2 L’oreal-Unesco Women in Science fellows namedBy Fat Reyes
MANILA, Philippines— Science can’t get any hotter than this. With fellowship grants worth P400,000 each, two young Filipina scientists have bagged the 2011 For Women in Science (FWIS) L’oreal-Unesco fellowships after a grueling judging process headed by the first Filipino FWIS Asean Laureate, Prof. Lourdes Cruz.
The lucky FWIS fellows, Dr. Ma. Cecilia Conaco and Dr. Aletta Yñiguez, will use their prize money to aid their research.
Conaco, a 34-year-old Balik-Scientist who is also a post-doctoral researcher at the Neuroscience Research Institute in the University of California, received the grant for her research proposal entitled “Dynamic Gene Regulation in Marine Sponges.” With her research, Conaco aims to identify and sequence genes from sponges and use these to better understand how the organisms monitor and adapt to changes in its environment.
Conaco describes sponges as the oldest, very special, economically and ecologically important marine organisms. She said that because of the changes they undergo during their different stages in their life cycles, sponges have become physiologically and chemically complex.
She said that her strategy is to use recently developed sequencing techniques to identify and measure the sponges’ genes—“a gold mine that we can look at to better understand how to better protect marine organisms.”
“We hope that by studying how the sponges’ genes are used during each of these different stages, we’ll be able to contribute to the improvement of methods for resource monitoring and conservation. Because when you know which genes change the most in response to environmental changes, then we can design better ways of monitoring the health and condition of our marine organisms,” Conaco said.
Conaco said that she also aims to study sponges’ genes that are involved in chemical production, saying that sponges are known to be drugstores or pharmacies of the oceans because they make so many different kinds of chemicals.
“The identification of sponges’ genes involved in the production of useful substances will also help to design better ways of producing drugs or synthesizing different types of materials that will be useful for all,” Conaco said.
Conaco shared that she found “promising” and interesting genes in her sequencing of an Australian sponge during her post-doctoral training. She hopes to take her studies further by looking into indigenous Philippine sponges. With the grant, she plans to focus on the amphimedon, a blue sponge that can be found in Bolinao, Pangasinan.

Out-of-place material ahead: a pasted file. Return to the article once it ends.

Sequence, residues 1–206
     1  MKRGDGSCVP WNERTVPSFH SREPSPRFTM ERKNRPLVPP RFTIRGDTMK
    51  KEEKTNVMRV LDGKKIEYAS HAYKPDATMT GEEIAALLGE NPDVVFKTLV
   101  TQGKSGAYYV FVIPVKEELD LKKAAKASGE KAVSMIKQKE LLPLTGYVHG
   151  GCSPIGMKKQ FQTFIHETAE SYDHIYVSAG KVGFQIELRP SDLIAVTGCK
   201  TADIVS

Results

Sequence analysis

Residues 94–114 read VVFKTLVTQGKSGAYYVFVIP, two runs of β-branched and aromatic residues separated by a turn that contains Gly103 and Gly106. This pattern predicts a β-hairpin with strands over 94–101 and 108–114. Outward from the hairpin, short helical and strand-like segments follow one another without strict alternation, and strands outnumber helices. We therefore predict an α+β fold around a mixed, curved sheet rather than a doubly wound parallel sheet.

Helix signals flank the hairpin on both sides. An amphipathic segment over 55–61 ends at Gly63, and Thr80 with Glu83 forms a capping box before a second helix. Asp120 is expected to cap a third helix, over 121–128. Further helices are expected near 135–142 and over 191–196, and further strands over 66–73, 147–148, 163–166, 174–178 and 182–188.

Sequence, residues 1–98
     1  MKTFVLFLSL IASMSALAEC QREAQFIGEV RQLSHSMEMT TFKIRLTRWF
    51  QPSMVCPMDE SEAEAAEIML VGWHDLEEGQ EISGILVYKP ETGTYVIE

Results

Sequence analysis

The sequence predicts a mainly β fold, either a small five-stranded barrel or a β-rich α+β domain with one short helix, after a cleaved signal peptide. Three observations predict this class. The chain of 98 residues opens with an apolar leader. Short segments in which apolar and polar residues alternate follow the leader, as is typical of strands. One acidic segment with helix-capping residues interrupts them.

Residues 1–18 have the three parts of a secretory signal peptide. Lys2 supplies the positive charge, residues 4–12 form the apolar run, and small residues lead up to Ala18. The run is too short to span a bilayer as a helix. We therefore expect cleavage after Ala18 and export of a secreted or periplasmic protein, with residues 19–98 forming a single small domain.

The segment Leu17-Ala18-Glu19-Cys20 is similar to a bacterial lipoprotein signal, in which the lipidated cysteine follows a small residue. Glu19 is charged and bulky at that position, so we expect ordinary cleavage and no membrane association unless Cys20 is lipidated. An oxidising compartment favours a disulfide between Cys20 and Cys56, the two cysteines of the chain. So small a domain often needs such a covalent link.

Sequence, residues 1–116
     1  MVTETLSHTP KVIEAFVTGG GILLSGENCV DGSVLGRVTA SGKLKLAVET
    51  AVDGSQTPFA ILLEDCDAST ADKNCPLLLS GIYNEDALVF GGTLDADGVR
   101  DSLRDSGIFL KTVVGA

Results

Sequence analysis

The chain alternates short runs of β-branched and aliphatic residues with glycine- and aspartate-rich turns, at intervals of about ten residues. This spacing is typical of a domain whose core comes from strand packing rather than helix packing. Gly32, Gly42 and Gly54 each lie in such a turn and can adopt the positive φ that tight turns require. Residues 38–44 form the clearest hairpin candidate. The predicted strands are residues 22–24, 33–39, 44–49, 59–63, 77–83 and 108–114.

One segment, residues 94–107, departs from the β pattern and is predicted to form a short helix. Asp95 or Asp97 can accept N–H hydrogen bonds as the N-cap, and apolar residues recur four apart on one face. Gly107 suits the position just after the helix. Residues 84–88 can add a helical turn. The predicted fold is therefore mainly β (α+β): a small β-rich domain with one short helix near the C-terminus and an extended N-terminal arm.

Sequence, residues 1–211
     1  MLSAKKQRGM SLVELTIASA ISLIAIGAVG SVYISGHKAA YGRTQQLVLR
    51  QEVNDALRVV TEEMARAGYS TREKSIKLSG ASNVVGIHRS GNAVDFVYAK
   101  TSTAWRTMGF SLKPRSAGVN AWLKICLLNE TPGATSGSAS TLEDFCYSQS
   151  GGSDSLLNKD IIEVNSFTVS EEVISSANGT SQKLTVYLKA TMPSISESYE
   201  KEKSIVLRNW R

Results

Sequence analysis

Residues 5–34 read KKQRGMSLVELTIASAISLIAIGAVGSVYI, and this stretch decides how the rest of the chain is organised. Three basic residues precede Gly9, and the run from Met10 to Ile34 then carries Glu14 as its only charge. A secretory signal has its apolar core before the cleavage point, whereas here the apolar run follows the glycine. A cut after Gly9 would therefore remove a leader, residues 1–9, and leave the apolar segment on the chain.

She said that sequencing genes is a really expensive undertaking so she is collaborating with other groups, particularly the University of the Philippines Marine Science Institute (UP MSI).
Yñiguez, an assistant professor at the UP MSI, received the grant for her proposal entitled “Enhancing robustness of plankton models and monitoring systems by understanding fine-scale biophysical processes.” She said that she aimed to better understand how phytoplankton contribute to production of fisheries or turn into harmful algal blooms (HABS).
She described phytoplankton as the bases of the marine food chain that “ultimately leads to the productive fisheries that many in our country rely on for their livelihood.” But, she cautioned, there were many circumstances that led these microscopic plants to become harmful to us and that’s what you call the harmful algal blooms.
She described HABS as genetic term for the phenomenon leading to red tide or fishkill. She said that these HABS cause poisoning, fatalities and economic losses for the country.
Yñiguez said that her project aimed to compare changes in the phytoplankton types and the environmental conditions accompanying those types in two areas: the productive fisheries area—where there are no HABS—and the HABS site.
“So we are trying to figure out what are the mechanisms going on as the different phytoplankton types are changing in two different sites but one is leading to HABS and one is actually a productive fisheries area,” she said, adding that the first site would be the Lamon Bay in Bicol, a productive fisheries area. The other site would be the Sorsogon Bay, which she said has been experiencing red tide for several years and has been the subject of shellfish bans.